Tuesday, August 13, 2019

Family Court: ‘I’ve Got the Power’** to make orders against third parties

The powers of the family court in relation to structures such as trusts are potentially extensive.

At a simplistic level, there is the specific power to force the change of a trustee of a trust.

Potentially, there is also the ability to bring forward the vesting date of a trust to require it to end immediately and thereby crystallise the interests of a party to the relationship.

One leading case in this regard is the decision in AC and ORS & VC and ANOR [2013] 93 FLC 540 FamCAFC 60. As usual, if you would like a copy of the decision please contact me.

Briefly in that case:
  1. The husband’s mother was in control of the corporate trustee and the trust at the relevant times.
  2. The husband and his former wife had a fixed entitlement to the capital of the trust on its vesting, which, at the time of the property settlement, was still 50 years in the future. That is, the trust was not a traditional discretionary trust where there are no fixed entitlements.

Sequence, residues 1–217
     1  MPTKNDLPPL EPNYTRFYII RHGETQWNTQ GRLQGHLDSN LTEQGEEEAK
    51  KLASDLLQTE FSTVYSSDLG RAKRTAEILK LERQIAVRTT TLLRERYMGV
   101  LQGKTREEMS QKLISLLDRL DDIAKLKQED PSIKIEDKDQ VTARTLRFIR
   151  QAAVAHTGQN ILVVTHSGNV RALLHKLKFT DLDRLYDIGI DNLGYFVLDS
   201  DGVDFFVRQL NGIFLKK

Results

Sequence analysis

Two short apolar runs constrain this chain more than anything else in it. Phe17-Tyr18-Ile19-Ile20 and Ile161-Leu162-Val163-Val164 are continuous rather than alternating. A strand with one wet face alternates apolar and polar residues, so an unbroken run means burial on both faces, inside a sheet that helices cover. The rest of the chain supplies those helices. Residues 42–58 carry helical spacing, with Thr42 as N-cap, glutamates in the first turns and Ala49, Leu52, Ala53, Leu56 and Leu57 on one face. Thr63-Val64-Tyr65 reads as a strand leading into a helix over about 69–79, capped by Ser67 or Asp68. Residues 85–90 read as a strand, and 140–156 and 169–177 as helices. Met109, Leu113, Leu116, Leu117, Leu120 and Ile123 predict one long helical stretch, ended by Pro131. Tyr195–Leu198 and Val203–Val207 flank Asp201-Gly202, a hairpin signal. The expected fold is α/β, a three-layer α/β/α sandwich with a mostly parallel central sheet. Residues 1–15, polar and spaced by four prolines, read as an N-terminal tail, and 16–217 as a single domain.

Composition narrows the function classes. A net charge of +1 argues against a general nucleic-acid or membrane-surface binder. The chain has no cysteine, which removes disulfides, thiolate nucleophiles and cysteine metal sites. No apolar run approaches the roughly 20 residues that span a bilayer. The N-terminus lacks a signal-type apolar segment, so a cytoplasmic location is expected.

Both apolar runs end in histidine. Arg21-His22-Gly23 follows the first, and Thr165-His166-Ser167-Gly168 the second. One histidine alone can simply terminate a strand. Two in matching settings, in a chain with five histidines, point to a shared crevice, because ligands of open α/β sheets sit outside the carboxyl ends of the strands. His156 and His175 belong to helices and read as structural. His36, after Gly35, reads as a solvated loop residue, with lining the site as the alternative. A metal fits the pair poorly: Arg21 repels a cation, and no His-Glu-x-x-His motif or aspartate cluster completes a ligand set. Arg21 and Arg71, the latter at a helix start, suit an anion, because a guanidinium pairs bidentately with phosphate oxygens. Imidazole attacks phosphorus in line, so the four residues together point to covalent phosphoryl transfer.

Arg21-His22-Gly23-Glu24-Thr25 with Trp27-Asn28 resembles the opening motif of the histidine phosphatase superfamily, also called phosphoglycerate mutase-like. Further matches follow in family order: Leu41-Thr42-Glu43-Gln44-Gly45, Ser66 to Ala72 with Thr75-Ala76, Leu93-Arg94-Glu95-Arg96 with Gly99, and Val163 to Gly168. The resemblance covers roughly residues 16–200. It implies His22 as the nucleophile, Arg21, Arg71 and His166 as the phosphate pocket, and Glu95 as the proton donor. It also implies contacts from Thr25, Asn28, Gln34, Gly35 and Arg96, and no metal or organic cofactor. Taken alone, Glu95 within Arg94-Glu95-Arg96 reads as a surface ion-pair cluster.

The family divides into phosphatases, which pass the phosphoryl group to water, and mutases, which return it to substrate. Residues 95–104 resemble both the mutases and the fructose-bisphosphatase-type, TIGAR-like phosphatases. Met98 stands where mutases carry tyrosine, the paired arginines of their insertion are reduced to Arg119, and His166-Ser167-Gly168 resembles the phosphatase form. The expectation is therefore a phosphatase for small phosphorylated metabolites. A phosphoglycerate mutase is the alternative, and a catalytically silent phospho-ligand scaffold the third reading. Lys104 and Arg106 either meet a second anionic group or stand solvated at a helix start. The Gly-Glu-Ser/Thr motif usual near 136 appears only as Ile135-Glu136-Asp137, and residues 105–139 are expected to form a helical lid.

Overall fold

3. The court found that the entitlement was rightly considered property of the parties and therefore ordered the trustee to vest the trust.
  4. The Attorney General intervened in the proceedings, given that the practical result of the decision was that the property entitlements of a third party were substantially altered.
  5. Critically, it was held that the husband and wife did in fact have an interest in the trust property despite the fact that it was accepted that the control of the trust was with the husband’s mother. 
  6. In other words, the ability to alter the structure of trusts can be made even where a party to the marriage is not in control of the trust.
  7. In a more traditional discretionary trust however there may not be the required nexus between the trust assets and the parties to the marriage.
  8. For completeness however, in this particular case, the forced vesting of the trust ultimately failed due to the appeal court’s conclusion that procedural fairness had not been given to the husband’s mother, particularly given that the parties to the marriage had other assets that could have likely achieved financial closure between the parties without the need to impose orders on a third party.
** For the trainspotters, ‘I’ve Got the Power’ is a song by Snap! from 1990.